Starring: Claire Danes, Charlie Cox, Sienna Miller, Pete O’Toole, Michelle Pfeiffer and Robert De Niro
Director: Matthew Vaughn
STARDUST, based on the best-selling graphic novel by Neil Gaiman and Charles Vess, takes audiences on an adventure that begins in a village in England and ends up in places that exist in an imaginary world.
A young man named Tristan (Charlie Cox) tries to win the heart of Victoria (Sienna Miller), the beautiful but cold object of his desire, by going on a quest to retrieve a fallen star.
His journey takes him to a mysterious and forbidden land beyond the walls of his village.
On his odyssey, Tristan finds the star, which has transformed into a striking girl named Yvaine (Claire Danes).
Firmly grounded in the mythical fantasy genre so popular in the cinema for decades now, Stardust combines several elements from well known fairy stories, fables and myths.
If the viewer surrenders over to the world on offer, the film works.
Given the nature of this material, everything about Stardust is big: the acting, sets, costumes, special effects and the choreographed action sequences.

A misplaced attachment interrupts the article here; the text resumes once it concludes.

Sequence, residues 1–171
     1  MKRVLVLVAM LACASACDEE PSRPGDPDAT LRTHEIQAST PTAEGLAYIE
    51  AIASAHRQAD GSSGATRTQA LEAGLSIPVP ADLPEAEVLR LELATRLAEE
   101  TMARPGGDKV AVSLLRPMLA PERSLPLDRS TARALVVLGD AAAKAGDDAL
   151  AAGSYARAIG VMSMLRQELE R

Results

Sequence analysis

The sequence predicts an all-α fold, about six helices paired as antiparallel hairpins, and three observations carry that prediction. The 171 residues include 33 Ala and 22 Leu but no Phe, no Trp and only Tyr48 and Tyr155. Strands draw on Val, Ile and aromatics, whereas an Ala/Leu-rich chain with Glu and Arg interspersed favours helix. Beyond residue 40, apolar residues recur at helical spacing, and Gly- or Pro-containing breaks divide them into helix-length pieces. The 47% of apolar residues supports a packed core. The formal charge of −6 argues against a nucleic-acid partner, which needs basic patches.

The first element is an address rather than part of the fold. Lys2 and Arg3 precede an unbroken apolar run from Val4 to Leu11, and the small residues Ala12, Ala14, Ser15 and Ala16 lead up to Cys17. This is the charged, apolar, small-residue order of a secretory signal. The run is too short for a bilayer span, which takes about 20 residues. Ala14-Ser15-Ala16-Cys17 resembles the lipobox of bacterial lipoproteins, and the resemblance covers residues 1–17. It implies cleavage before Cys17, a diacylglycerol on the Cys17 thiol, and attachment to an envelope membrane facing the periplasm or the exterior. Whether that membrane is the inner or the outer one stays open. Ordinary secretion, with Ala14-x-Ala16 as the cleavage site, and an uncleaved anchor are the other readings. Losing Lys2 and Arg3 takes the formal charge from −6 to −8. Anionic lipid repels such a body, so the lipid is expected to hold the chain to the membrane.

It is only the giant music score which dominates far too much.
Stardust also has a star-studded cast making cameos throughout, and many of them act against type, pre-eminently Michelle Pfeiffer as the eldest and ugliest step sister.
The core values of the film – liberation comes from the risk of true love and light overcomes darkness – are solid, and it is very neatly packaged here.
What is more subtly present is the contemporary cinema’s fascination with the metaphysical, transcendent and otherworldly.
This is in contrast to the same clientele for this film lacking any great interest in organised religion, where these themes are cornerstones for faith.
Stardust is based on what is called a “graphic” novel, a cartoonish presentation of the world it creates.
To that end this film is not for young children. There are a number of violent characters and showdowns, and sexual themes as well, which would disturb some adults and their children.